(This article is reprinted from Surface Transportation Innovations, a monthly publication of the Reason Foundation).
In recent years, it’s become conventional wisdom among many planners that suburbia has become less affordable than living in more-compact, transit-accessible urban cores. One of the main sources for this idea is periodic reports from the Center for Neighborhood Technology (CNT), which provide data on their index that combines housing and transportation costs. A Washington Examiner headline in March, “Life in the Suburbs: No Longer a Bargain,” was based on the latest of these reports. Despite generally higher housing costs in cities, when CNT combined housing and transportation costs, they found that it was less-costly to live in the city than in suburbia.
That sounds plausible, but several scholars have recently taken a closer look at the data. Commuting expert Alan Pisarski (Publisher’s note: Pisarski lives in Northern Virginia and is a nationally recognized transportation expert) drew on data from the Bureau of Labor Statistics Consumer Expenditure Survey, an authoritative source relied on by economists and demographers. As he put it in a follow-up op-ed in the Washington Examiner, “The BLS survey shows that CNT is just wrong about the sums of housing and transportation costs.” Whereas CNT’s model shows transportation spending averaging 26% of household expenditure, the most recent BLS data (for 2010) put this at 16%–a rather sizeable difference. Here is Pisarski’s summary of household averages for cities compared with suburbs:
|Annual housing cost:
|Annual transportation cost:
|Total household expenditure
|Percent on housing + transport
Pisarski, who tracks these kinds of numbers over decades, as the author of once-a-decade books called Commuting in America, says the average cost of housing plus transportation has remained stable for a long time at around 50-51% of total household expenditures. He points out that one reason for lower housing expenditure in cities is that only about half of city households are owned (rather than rented), versus 71% owned in the suburbs.
Also weighing in on this subject is Steve Polzin of the Center for Urban Transportation Research at the University of South Florida. In his April 30th Planetizen post, “The True Cost of Driving and Travel Behavior,” he provides some insight into the CNT’s modeling of transportation costs. He contrasts CNT’s estimates of annual household transportation costs–in the $10,000 to $15,000 range–with the BLS numbers, which are under $8,000 for most groups. Using data from household travel surveys plus the BLS numbers, Polzin estimates that the 2010 average per-mile vehicle ownership and operating cost is about 36¢/mi., and based on average overall vehicle occupancy of 1.67, that results in about 22¢/passenger-mile.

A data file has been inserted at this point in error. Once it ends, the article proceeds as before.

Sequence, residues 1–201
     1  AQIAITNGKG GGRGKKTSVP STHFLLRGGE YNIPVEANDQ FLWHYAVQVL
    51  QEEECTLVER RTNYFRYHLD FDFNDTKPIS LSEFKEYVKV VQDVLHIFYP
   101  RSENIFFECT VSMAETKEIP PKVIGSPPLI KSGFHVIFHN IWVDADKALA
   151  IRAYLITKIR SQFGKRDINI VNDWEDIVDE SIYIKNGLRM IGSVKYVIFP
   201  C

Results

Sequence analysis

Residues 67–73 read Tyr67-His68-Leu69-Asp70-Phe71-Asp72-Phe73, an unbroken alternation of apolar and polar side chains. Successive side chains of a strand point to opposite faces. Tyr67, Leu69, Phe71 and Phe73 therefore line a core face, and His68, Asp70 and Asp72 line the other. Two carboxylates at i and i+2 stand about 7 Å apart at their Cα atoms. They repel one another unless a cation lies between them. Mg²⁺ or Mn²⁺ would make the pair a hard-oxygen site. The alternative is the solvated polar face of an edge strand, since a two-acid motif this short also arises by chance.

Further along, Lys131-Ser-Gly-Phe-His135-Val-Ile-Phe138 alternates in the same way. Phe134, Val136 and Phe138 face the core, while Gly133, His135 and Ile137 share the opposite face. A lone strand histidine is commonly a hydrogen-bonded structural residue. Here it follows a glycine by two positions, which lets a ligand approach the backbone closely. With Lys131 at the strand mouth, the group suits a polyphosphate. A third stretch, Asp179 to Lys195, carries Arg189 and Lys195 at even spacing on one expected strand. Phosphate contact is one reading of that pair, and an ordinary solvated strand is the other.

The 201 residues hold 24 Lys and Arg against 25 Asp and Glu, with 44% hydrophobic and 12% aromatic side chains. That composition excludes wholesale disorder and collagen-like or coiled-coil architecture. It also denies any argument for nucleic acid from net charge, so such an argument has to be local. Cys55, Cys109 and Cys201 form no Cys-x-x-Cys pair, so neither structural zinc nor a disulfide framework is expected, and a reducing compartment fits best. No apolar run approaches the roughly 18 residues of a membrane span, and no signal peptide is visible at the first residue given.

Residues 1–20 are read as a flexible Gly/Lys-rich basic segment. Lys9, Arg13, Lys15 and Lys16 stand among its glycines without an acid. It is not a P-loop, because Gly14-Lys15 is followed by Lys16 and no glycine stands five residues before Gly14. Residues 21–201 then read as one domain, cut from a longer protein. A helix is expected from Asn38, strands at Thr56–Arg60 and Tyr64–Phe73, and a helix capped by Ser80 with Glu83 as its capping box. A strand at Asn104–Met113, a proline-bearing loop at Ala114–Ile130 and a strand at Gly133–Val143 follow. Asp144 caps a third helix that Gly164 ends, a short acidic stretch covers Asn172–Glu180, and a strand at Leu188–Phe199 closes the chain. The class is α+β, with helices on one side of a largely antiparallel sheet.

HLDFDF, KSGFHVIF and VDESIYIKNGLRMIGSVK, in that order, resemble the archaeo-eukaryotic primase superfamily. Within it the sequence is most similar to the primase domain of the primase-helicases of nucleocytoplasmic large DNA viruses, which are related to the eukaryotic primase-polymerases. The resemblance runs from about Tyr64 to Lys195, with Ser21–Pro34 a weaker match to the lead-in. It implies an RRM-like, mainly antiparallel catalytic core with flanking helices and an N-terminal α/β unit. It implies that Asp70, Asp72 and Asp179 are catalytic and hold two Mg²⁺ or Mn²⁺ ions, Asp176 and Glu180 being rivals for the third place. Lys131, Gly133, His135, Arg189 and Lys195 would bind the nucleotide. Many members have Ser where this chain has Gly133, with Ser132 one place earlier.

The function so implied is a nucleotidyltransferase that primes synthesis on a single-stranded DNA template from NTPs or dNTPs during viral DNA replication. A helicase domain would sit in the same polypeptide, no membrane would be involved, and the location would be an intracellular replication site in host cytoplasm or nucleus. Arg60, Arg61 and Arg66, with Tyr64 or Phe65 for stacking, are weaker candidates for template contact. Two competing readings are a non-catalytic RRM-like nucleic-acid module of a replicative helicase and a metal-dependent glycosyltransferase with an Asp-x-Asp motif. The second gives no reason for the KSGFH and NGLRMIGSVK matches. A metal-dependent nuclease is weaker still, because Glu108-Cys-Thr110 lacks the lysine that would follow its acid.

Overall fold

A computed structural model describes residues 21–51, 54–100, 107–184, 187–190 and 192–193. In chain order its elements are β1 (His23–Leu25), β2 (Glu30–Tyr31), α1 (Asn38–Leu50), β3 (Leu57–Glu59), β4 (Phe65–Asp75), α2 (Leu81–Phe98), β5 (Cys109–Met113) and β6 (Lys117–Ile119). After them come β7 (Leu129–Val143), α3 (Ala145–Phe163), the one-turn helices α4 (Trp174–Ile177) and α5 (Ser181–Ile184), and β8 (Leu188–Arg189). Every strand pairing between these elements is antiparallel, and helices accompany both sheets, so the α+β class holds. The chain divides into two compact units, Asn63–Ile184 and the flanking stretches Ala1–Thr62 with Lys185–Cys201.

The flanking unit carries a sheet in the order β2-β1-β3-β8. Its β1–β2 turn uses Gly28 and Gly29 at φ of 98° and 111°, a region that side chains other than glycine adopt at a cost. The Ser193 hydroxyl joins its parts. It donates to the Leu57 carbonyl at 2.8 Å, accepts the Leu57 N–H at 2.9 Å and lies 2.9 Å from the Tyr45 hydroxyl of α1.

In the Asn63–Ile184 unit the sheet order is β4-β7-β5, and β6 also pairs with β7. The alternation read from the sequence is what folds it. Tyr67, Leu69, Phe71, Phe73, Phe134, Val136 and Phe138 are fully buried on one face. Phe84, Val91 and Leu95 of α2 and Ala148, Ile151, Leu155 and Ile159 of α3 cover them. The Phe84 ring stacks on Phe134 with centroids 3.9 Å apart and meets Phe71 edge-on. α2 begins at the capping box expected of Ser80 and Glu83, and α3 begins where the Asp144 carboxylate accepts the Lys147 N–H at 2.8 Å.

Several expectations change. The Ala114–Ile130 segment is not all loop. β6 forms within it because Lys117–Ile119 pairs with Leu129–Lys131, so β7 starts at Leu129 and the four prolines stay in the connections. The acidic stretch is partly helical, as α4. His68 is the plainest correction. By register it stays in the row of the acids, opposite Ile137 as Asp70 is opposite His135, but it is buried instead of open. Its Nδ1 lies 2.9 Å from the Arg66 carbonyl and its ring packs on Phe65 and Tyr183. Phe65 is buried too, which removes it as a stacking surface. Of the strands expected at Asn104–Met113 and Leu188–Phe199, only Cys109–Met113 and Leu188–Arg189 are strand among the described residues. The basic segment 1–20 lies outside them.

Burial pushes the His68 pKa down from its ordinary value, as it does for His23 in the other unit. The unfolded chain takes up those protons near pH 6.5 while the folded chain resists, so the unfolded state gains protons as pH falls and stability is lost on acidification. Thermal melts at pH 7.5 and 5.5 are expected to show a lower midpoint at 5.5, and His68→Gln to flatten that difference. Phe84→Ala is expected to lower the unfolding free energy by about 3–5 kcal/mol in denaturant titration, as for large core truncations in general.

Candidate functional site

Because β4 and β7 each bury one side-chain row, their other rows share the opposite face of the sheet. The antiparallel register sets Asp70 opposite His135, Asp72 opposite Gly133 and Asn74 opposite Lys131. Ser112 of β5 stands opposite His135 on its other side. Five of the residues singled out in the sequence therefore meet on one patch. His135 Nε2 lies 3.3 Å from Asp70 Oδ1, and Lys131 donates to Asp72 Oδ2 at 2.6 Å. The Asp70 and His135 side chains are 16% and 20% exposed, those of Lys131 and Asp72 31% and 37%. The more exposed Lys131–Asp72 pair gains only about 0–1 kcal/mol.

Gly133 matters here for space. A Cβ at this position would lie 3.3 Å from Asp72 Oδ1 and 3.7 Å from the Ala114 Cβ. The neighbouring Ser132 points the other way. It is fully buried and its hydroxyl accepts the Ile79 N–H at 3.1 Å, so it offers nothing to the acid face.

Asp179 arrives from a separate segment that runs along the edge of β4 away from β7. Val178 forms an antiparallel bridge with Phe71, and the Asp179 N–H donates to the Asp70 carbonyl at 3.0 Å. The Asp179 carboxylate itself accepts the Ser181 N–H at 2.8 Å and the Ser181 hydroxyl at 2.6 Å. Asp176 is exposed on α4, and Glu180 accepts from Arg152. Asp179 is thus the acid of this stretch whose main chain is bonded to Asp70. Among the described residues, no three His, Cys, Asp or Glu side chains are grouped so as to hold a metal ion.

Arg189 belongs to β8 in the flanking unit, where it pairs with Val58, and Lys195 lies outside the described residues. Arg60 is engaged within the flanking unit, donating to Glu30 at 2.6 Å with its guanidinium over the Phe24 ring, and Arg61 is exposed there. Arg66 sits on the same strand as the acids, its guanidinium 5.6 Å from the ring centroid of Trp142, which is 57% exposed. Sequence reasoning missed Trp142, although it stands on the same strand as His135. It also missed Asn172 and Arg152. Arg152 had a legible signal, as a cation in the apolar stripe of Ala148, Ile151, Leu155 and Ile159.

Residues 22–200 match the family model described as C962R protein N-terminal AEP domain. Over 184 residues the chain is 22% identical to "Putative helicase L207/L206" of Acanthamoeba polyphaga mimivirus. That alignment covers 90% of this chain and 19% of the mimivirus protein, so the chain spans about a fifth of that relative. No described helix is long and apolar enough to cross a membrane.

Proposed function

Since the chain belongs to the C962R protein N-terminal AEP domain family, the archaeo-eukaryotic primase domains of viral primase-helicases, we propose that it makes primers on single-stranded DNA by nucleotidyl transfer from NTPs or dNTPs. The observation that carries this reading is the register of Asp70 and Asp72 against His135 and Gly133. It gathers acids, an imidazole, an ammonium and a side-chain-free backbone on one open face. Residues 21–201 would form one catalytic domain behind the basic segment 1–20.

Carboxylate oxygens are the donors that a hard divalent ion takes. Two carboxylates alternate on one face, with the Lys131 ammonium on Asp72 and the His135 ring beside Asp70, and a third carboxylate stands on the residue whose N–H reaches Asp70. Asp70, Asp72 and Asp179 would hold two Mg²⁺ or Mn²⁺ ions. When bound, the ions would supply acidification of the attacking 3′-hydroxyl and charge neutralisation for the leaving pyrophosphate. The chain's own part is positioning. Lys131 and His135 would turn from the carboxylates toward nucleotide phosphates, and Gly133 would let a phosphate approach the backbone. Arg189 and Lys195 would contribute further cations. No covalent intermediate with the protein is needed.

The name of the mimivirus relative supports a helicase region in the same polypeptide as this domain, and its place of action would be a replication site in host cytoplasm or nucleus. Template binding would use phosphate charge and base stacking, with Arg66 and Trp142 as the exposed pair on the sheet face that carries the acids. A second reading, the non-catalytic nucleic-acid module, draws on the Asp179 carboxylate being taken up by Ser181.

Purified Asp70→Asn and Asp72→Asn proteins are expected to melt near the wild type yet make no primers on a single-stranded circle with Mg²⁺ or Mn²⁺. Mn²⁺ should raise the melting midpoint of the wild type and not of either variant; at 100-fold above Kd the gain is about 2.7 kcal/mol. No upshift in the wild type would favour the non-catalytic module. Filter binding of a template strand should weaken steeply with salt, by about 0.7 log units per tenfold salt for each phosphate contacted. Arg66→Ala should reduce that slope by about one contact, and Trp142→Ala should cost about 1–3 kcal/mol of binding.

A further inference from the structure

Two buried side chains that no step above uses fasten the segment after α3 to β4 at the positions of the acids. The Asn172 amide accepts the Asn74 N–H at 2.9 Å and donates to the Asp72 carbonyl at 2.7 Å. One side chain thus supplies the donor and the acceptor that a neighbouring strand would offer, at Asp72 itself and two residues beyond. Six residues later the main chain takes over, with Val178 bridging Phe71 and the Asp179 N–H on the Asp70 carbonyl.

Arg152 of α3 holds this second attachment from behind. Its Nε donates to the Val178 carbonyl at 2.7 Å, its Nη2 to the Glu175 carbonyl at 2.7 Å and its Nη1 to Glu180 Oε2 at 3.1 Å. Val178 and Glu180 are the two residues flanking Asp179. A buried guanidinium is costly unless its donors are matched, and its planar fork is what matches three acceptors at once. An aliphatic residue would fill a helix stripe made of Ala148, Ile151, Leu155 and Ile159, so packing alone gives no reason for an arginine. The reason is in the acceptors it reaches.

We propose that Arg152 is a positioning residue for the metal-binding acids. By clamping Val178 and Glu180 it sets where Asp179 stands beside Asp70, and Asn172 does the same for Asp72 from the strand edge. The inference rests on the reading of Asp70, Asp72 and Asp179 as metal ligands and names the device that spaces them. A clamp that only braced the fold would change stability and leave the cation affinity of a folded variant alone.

How did CNT come up with much higher driving cost numbers? One clue comes from the annual “Your Driving Costs” information from AAA. Their procedure assumes each vehicle is driven 15,000 miles a year, and kept for five years. That leads to an annual cost of $8,946 or 59.6¢/mi., which is 65% greater than what Polzin has calculated, based on the BLS data. So in his post, he digs deeper into how people are actually using automobiles. As he points out, “much of America isn’t driving new cars with high depreciation levels.” Average vehicle retention is up to 71 months (just under six years, not five), and the average age of vehicles in the personally owned fleet is at a record high of 10.8 years. So “Middle America has managed to control personal vehicle expenditure costs, making personal mobility surprisingly inexpensive.”
Polzin goes on to question CNT’s estimate of savings that people would realize by ditching the suburbs, moving to the city, and giving up one of their household vehicles in favor of walking, biking, and riding transit. Most likely, he suggests, a household doing this would give up their oldest, least-valuable vehicle—meaning they would end up shifting a larger fraction of the miles they drive to a more costly vehicle. Moreover, many of those likely to consider such a shift are in low to moderate income categories, whose transportation spending is already below average. These factors would reduce the amount of savings actually realized from such a relocation and change in travel behavior.
As is often the case when you rely on models (as CNT does), the conclusions you reach depend on the assumptions you make. And the more good data you bring to bear, the less you need to rely on questionable assumptions.
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